Oh my GOODNESS. NO! No! You are not responsible for a man sexually assaulting you. And not being responsible is not at ALL the same thing with being okay with it. How in the world did you come to that conclusion from J’s comment about “judge not…”
and she is absolutely correct. I’m so horrified by this conversation. I don’t even know where to begin.
And modesty is a Biblical value, but if you go back to the text it is not about hem lines and sexuality. It is about materialism. Isaiah 3:16-23, 1 Timothy 2:9-12, 1 Peter 3:3, these were about women flaunting their wealth. Not their breasts or thighs.
This twisting of the scripture is about objectifying and sexualizing women and girls and infantalizing men. Dress appropriately, by all means. But our efforts are much better spent on teaching men to respect women (whether they are wearing a burqua or a bathing suit) than on teaching women to cover their bodies. And CHILDREN! Oh heavens. Lord help us.
Laura, I don’t know anyone that teaches their boys that it is okay to sexually assault scantily clad women. Yet, it still happens. So, instead of dreaming of a Utopia that doesn’t exist, let’s teach our girls how to dress for the real world. Besides, I can teach my daughters to dress respectfully and teach my sons to act respectfully, at the same time. They aren’t mutually exclusive.
That said, I still don’t understand feminists insistence that women should be allowed to expose themselves in public. We know that men are visually stimulated, so lets have some respect for them and not dress in a way that could tempt them. But then, isn’t that the point? When a women dresses “sexy’ isn’t she looking to attract sexual attention. Isn’t that why it is called “sexy.” So, now tell me why Christian women should be dressing sexy for men other than their husbands?
I know, how old fashioned it is to teach women to respect men. In this post-feminist era, only men should show respect, right?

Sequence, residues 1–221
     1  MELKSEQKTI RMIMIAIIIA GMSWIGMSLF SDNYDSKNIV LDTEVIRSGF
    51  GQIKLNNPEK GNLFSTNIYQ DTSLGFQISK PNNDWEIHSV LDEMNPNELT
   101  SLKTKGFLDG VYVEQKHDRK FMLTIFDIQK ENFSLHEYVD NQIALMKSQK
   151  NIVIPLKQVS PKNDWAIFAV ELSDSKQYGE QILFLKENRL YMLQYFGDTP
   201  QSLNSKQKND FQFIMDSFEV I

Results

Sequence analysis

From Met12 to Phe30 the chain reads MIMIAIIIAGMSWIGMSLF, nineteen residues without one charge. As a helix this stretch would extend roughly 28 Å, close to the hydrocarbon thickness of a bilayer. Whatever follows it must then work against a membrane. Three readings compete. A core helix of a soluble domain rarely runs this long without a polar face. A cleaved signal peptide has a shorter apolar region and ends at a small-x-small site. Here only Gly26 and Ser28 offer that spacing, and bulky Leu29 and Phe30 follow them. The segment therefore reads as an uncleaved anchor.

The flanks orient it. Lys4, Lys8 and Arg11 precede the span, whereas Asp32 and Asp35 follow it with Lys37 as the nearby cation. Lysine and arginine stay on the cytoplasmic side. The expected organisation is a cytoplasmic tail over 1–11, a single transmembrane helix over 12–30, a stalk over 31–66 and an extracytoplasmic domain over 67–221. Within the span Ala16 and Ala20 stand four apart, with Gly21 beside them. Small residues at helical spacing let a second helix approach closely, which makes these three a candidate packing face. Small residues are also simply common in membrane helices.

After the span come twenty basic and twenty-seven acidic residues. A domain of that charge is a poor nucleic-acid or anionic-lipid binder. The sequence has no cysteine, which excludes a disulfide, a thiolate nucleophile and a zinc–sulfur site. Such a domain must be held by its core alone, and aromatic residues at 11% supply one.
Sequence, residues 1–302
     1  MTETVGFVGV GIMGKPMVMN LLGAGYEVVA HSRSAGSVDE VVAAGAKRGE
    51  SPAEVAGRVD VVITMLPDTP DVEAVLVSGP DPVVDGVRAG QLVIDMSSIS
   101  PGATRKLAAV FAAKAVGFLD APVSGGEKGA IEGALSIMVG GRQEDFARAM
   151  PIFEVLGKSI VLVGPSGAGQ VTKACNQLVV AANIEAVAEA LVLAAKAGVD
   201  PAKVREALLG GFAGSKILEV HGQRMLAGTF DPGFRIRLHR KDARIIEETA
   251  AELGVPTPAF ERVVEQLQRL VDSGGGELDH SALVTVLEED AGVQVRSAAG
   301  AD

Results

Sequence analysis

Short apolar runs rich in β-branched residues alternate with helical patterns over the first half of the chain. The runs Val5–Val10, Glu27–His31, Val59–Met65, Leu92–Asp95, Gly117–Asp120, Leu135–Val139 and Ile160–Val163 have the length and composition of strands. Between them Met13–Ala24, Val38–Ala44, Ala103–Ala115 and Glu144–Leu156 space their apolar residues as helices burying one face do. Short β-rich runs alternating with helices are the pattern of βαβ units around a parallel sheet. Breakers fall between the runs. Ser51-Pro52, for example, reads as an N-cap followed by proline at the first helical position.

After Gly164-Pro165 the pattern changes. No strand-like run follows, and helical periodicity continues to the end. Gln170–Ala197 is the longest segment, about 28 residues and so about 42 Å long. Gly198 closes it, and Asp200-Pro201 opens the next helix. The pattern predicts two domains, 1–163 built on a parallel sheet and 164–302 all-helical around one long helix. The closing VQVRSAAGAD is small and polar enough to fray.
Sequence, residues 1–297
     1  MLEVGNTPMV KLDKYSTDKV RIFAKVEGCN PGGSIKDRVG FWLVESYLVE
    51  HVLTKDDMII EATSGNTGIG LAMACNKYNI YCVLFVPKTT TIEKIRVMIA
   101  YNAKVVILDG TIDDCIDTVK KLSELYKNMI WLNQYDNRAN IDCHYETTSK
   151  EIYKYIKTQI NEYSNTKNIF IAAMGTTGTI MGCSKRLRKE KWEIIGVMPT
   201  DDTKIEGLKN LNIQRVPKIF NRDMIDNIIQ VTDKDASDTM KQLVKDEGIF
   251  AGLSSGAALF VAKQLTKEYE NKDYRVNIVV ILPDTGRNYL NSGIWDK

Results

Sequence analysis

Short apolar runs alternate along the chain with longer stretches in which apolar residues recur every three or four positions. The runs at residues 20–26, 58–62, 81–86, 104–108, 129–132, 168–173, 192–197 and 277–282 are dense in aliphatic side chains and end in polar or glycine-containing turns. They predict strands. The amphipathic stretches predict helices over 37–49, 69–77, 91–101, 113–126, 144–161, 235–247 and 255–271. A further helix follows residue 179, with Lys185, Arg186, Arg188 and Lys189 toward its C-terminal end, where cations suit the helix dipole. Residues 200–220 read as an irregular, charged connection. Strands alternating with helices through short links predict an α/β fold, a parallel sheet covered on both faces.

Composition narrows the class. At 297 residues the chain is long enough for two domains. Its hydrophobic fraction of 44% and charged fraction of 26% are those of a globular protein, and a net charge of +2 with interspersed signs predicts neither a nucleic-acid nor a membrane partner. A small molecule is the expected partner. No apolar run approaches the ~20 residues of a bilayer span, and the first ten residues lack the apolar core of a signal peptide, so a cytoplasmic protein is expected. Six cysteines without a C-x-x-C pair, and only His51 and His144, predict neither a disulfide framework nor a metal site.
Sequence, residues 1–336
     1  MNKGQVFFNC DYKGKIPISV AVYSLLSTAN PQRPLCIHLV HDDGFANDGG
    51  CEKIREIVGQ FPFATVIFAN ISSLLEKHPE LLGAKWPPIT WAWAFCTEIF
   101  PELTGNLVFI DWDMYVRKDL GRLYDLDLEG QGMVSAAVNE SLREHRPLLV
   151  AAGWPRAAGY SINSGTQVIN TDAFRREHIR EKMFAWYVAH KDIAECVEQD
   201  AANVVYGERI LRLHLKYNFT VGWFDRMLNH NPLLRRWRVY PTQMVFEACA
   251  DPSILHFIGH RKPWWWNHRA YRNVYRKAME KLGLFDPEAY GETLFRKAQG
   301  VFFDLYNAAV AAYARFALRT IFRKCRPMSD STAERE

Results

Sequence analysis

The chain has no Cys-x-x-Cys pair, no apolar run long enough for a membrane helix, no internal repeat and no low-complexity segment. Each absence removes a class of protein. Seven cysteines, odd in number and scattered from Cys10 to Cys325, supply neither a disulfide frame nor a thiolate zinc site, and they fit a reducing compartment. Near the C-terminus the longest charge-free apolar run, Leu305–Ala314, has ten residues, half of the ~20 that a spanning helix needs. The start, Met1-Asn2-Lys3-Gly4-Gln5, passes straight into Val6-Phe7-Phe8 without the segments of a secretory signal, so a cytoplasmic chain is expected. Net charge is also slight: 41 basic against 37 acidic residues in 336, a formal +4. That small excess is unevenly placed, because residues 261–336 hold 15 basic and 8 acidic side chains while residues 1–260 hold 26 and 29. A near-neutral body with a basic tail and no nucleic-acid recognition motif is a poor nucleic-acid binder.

As far as the Bible goes, this is the first generation of Christians who believe it supports a woman’s right to expose herself. But then, this is also the generation that discovered the Bible celebrates homosexuality. I am guessing this generation of Christians doesn’t actually read the Bible, or really care what it says.
^ well said Janine!
I think its ridiculous for people to go on and on about how they don’t judge people based on what the wear etc but are currently judging you about teaching YOUR child how to be modest? POT or KETTLE?
Anywho I’ve been thinking about this topic a lot lately as I have a 6 mos old daughter now. ON one hand I feel I have plenty of time for this and on the other day I think it’s never too early to start. If we always have a no bikini rule then its not up for discussion. Though honestly I’m having trouble deciding what the “rules” will be
I mean for me theres the obvious no short shorts or skirts
if my undies are linger than your bottoms you NEED new bottoms ..lol
But I think strappy tanks are cute and innocent and practical here in south texas…but will the day come when I want think they are cute and innocent anymore as my daughter ages?
COuld you possibly give examples of good places to shop as she gets older that have appropriate length shorts and such?